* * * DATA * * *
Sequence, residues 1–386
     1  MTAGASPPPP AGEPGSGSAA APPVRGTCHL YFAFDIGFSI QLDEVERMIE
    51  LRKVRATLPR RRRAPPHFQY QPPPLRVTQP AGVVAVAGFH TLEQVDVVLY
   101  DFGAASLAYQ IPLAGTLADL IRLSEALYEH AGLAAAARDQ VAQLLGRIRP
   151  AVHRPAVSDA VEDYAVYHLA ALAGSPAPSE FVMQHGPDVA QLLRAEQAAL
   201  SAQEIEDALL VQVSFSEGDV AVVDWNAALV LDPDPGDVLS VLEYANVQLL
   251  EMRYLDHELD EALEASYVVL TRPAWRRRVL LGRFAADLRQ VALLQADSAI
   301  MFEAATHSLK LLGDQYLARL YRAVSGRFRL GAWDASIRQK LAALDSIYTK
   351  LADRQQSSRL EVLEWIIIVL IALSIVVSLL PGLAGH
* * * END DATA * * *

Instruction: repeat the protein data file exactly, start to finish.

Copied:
Sequence, residues 1–386
     1  MTAGASPPPP AGEPGSGSAA APPVRGTCHL YFAFDIGFSI QLDEVERMIE
    51  LRKVRATLPR RRRAPPHFQY QPPPLRVTQP AGVVAVAGFH TLEQVDVVLY
   101  DFGAASLAYQ IPLAGTLADL IRLSEALYEH AGLAAAARDQ VAQLLGRIRP
   151  AVHRPAVSDA VEDYAVYHLA ALAGSPAPSE FVMQHGPDVA QLLRAEQAAL
   201  SAQEIEDALL VQVSFSEGDV AVVDWNAALV LDPDPGDVLS VLEYANVQLL
   251  EMRYLDHELD EALEASYVVL TRPAWRRRVL LGRFAADLRQ VALLQADSAI
   301  MFEAATHSLK LLGDQYLARL YRAVSGRFRL GAWDASIRQK LAALDSIYTK
   351  LADRQQSSRL EVLEWIIIVL IALSIVVSLL PGLAGH